Water quality needs to be excellent. Ammonia and nitrite levels simply have to be zero and the nitrate level should be as low as possible — certainly under 50 mg/l and ideally less than 20.
To ensure good water quality, filtration should be between four and six times the volume of the tank in turnover per hour.
Some stories describe dead dwarf puffers being found inside filters, but whether they were sucked in post mortem or while alive is open to conjecture. In any case, don’t use an excessively powerful filter and make sure the inlet is protected with a reasonably fine grille.
Managing nitrate involves minimising the food that goes into the tank while maximising the amount of water that comes out. Depending on stocking density, water changes of 25-50% per week are recommended.
By contrast, water chemistry isn’t a major issue and dwarf puffers adapt well to a broad range of conditions — provided extremes are avoided. Ideal conditions would be around pH 7.5, 10ËšdH for general maintenance, though somewhat softer conditions may be required for spawning. There’s no need to add salt to the water, despite being occasionally suggested in the past.
A water temperature between 25-28ËšC/77-82ËšF suits dwarf puffers well and these fish cannot be kept in unheated tanks.
Dwarf puffers can be kept in systems as small as 45 l/10 gal without undue difficulty, but smaller aquaria are not recommended because of consequent problems with water quality and pH stability. Very small tanks often have inadequate filtration systems and dwarf puffers will not tolerate elevated levels of ammonia or nitrite for long.
Small tanks also experience bigger pH drops between water changes than bigger tanks and, while adaptable, these puffers do not like rapid pH changes any more than other tropical fish. So while some people recommend tiny nano tanks for dwarf puffers, I feel these fish are best reserved for systems 45 l/ 10 gal or larger.
Bright lighting is neither required nor appreciated, so it generally makes sense to choose plants that do not need high levels of light. Java moss, Java fern, Anubias, and hardy species of Cryptocoryne such as C. wendtii are recommended.
Fast-growing floating plants such as Limnobium laevigatum are also useful to provide shade and cover while helping to remove nitrate.
Wild pufferfish spend much of their time exploring by hovering over solid surfaces rather than cruising about in midwater. Their slow, deliberate mode of swimming is adapted to this, allowing them to investigate every square inch of the plants, rocks and sunken wood around them. Provide your puffers with such opportunities.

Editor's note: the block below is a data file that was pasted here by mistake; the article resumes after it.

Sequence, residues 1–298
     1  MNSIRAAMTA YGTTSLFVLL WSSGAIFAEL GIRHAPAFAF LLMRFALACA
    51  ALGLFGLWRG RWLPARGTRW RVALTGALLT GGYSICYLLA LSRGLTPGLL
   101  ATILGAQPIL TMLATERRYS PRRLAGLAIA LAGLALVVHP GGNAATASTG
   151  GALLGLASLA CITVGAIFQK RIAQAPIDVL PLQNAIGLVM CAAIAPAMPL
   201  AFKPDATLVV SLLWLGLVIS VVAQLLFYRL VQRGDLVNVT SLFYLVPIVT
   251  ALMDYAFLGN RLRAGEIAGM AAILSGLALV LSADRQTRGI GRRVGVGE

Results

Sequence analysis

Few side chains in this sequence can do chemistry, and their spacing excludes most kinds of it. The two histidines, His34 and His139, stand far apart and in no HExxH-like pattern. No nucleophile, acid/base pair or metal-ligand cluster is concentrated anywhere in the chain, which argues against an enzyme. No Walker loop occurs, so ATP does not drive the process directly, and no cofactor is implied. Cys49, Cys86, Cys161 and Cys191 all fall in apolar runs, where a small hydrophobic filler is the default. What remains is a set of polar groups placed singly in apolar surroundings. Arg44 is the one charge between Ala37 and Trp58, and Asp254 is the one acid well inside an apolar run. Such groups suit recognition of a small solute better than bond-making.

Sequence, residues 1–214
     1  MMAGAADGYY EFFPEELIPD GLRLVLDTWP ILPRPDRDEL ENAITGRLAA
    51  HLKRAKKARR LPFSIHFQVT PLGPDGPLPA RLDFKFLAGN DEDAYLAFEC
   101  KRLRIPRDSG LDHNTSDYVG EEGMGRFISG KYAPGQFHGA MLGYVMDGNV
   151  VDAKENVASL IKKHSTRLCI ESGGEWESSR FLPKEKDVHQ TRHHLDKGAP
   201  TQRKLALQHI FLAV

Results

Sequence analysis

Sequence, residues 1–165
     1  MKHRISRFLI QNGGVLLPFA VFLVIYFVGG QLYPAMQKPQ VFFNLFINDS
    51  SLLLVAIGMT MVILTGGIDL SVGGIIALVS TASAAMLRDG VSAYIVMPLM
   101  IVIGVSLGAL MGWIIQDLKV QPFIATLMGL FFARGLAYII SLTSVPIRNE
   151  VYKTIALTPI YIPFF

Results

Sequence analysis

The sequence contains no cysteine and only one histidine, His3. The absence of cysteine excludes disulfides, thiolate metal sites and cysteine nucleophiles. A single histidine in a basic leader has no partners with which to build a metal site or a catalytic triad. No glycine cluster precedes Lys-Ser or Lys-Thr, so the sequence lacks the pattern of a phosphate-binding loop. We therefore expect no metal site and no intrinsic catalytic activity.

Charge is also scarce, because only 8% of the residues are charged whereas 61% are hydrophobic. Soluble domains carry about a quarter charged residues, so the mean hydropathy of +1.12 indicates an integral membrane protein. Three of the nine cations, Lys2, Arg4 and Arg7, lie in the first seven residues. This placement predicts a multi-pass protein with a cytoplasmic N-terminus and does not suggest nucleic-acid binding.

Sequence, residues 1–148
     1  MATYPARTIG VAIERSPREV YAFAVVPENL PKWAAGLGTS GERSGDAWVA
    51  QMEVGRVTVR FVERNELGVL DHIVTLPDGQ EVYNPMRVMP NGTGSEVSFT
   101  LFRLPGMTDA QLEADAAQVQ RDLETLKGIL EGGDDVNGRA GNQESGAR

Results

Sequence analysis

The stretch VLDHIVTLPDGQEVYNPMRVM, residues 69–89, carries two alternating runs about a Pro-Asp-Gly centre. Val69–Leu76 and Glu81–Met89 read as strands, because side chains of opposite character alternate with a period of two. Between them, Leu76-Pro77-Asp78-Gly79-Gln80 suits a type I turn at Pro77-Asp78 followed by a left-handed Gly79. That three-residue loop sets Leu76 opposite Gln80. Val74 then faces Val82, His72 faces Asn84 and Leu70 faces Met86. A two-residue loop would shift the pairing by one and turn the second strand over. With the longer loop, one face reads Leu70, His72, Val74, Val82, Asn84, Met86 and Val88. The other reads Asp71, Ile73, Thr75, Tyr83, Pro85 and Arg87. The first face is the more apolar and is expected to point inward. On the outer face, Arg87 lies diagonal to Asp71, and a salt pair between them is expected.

It doesn’t really matter how you do this and your puffers will be as happy to explore the floating roots of Limnobium laevigatum as they will a plastic mermaid or clump of Java moss.
Surprisingly perhaps, these fish are able to jump when alarmed and shouldn’t be kept in an open-topped aquarium.
Dwarf puffers have occasionally been bred in home aquaria. Because of problems distinguishing the two species, it isn’t clear which reports belong to Carinotetraodon travancoricus and which to C. imitator, but in all probability their breeding behaviours are identical. Indeed, the overall process is very similar to other Carinotetraodon species as well.
Sexually mature males can be distinguished by their brighter colours and mature females ready to spawn will become noticeably rounded as they fill up with eggs. Males secure territories among feathery plants with Java moss and willow moss (Fontinalis spp.) particularly well favoured.
A male attracts a female by raising his keel and engaging in fluttering dance routines. Spawning is very boisterous with the eggs being scattered into the moss. He then quickly chases the female away and assumes total responsibility for broodcare.
The eggs hatch after about five days, but the fry don’t start swimming for at least another week. Once that happens the male loses interest and he should be removed. The free-swimming fry will now need to be fed tiny live foods such as microworms and Cyclops nauplii. Growth is fairly rapid and the fry will be 1cm/0.4” or so after two months.
Spawning occurs readily if dwarf puffers are given the right conditions, namely lots of live food, slightly soft and acidic water conditions (pH 6.5-7, 5-10ËšdH) and suitable spawning sites.
The tricky part is rearing the eggs and fry, as the eggs are prone to fungal infections, particularly in hard water.